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Let's do lunch, and mental health

Workplace Safety North hosting Feed your Brain Lunch and Learn Series to show people how to create positive work environments
Workplace Safety North is running a series of workshops titled Feed Your Brain Lunch and Learn Series. During these workshops, people are shown ways to create more positive work environments and tackle specific issues like stress, drugs and alcohol why mental health matters.

Workplace Safety North (WSN) is taking mental health in the workplace right to the people, and showing them how they can make them more positive.

The organization launched Feed your Brain Lunch and Learn Series earlier this year and organizers say it's been an amazing success, with the free sessions filling up.

From January to November there will be a series of two-hour workshops starting at 11:30 a.m., including lunch, session and discussions. The workshops will be held in Sudbury, Kirkland Lake and North Bay.

The reasoning behind these sessions, said Angele Poitras, organizer and community engagement specialist, was a combination of both community request and the organization's CEO Paul Andre after talking to clients.

“WSN has a 20/20 strategy that they are following,” she said. “Andre wanted to demonstrate the commitment we have tot he communities in which we work, live and play in Northern Ontario. Another was to target areas of greatest need and enhance our services.”

After speaking with clients and going over their ideology, the strategy was to organize a series of workshops looking at specific topics. The focus for this pilot project year will be topics on psychological health and safety.

Poitras said it became apparent people wanted access to more information, as well as build a network where they can have these conversations and share resources with each other.

“You get a roomful of people, and they come from every business you can imagine, so they are able to gain resources from Workplace Safety North, but from each other,” she said. “We hope these communities will develop into communities of best practices, so that eventually we can look at changing the culture long-term.”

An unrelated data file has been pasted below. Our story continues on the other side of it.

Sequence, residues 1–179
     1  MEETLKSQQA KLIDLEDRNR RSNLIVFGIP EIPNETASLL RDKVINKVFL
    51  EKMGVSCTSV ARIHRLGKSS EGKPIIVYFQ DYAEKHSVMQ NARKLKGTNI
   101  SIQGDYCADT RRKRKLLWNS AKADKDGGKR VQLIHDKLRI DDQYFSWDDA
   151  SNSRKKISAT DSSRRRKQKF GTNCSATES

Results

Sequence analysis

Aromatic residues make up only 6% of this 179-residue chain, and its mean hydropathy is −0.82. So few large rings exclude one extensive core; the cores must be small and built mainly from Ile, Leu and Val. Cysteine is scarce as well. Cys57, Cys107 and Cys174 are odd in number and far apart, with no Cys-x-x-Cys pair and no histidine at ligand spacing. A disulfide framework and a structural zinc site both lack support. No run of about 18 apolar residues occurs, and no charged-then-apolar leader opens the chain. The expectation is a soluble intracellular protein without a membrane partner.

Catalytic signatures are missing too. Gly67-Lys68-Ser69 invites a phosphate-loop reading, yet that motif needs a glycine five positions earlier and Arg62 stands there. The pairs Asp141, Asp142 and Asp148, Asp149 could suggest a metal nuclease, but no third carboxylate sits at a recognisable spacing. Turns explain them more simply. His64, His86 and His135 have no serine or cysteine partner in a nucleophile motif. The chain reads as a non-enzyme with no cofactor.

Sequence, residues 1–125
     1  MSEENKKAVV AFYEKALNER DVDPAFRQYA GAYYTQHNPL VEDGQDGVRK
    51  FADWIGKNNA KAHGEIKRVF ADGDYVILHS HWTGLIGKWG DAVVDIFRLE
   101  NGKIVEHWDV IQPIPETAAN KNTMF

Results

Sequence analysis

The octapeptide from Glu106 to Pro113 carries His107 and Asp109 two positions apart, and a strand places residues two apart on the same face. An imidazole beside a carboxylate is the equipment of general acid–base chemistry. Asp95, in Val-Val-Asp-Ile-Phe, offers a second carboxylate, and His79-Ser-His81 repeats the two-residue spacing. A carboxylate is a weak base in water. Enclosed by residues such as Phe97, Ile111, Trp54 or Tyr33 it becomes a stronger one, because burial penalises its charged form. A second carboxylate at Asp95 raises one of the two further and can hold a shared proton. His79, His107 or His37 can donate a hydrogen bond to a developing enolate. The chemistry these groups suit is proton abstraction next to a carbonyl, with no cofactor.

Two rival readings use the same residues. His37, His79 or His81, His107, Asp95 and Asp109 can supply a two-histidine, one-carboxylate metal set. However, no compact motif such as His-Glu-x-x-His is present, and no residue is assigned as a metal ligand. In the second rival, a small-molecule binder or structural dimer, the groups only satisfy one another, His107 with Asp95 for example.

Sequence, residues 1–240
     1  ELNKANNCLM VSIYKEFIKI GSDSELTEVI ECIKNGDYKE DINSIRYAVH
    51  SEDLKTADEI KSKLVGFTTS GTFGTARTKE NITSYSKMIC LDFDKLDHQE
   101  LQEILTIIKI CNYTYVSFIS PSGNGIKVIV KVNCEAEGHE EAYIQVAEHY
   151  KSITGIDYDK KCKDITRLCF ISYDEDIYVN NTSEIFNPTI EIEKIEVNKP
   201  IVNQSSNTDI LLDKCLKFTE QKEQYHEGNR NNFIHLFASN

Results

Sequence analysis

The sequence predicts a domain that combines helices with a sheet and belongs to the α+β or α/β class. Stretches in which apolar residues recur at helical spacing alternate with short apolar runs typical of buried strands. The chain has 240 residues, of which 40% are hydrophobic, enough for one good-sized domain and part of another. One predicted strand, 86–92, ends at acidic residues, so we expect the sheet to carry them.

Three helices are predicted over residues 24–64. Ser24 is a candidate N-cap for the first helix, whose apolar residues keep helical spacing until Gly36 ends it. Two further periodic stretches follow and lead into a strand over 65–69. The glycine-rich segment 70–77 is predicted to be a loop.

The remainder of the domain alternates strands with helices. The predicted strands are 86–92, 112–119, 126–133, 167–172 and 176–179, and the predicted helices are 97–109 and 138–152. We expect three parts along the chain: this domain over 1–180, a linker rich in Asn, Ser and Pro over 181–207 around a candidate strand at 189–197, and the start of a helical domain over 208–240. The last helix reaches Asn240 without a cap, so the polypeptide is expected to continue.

The areas they are focusing on are promoting mental health through a positive culture, drugs and alcohol in the workplace, stress in the workplace, why mental health matters, and why workplace culture is important. Each session can accommodate about 35 to 40 people and require advanced booking.

What WSN is hoping to do is show people how they can work on creating positive environments in their own workplaces.

They are running this, she said, because studies have shown mental health is becoming a greater concern among businesses.

She cited a prediction made 15 years ago in a study. By 2020, mental health will become the greatest cost for employers.

“We are two years away, and some of the organizations I've talked to, it's already their biggest cost,” she said. “We have to take a look at it, and recognize it doesn't stay at home.”

The first session, she said, focused on positive psychology, retraining parts of the brain, how attitude and gratitude effects the workplace.

There was a hands-on activity where people were asked to take their phones and call or text someone in their workplace or family and thank them for a specific thing.

“People were responding back, with messages like 'are you OK,' and 'are you sick' or 'wow, you made my day,” she said. “It created this atmosphere, what our mothers and significant figures in our lives taught us growing up, to be kind to other people and thanking people. Sometimes we forget about that, but it contributes to a positive culture in an organization.”
Information like that is something they could use at a team-building session, staff meeting, or any exercise, she said.

Every session has post-workshop evaluations, and so far, she said 100 per cent of the participants have reported they learned something they could take back to their workplace. They have also received requests for follow-up and additional dialogue.

The sessions move to the chosen communities during the month to get as many people as possible to come to the sessions. The head office is in North Bay and Kirkland Lake is where the Mine Rescue Provincial Competition will be held this year. They work hand-in-hand with the competition and wanted to help promote it.

They also wanted to highlight the new centre on Cedar Street in Sudbury, which she said is going to be a model for all future centres across the north and they want to have people come in and see the centre, and start using it.

Based on the participation, she said they are hoping they can make it an annual series. They will be going back to the communities to ask where the focus should be for 2019.

“These are lead by the community, and driven by the community,” she said.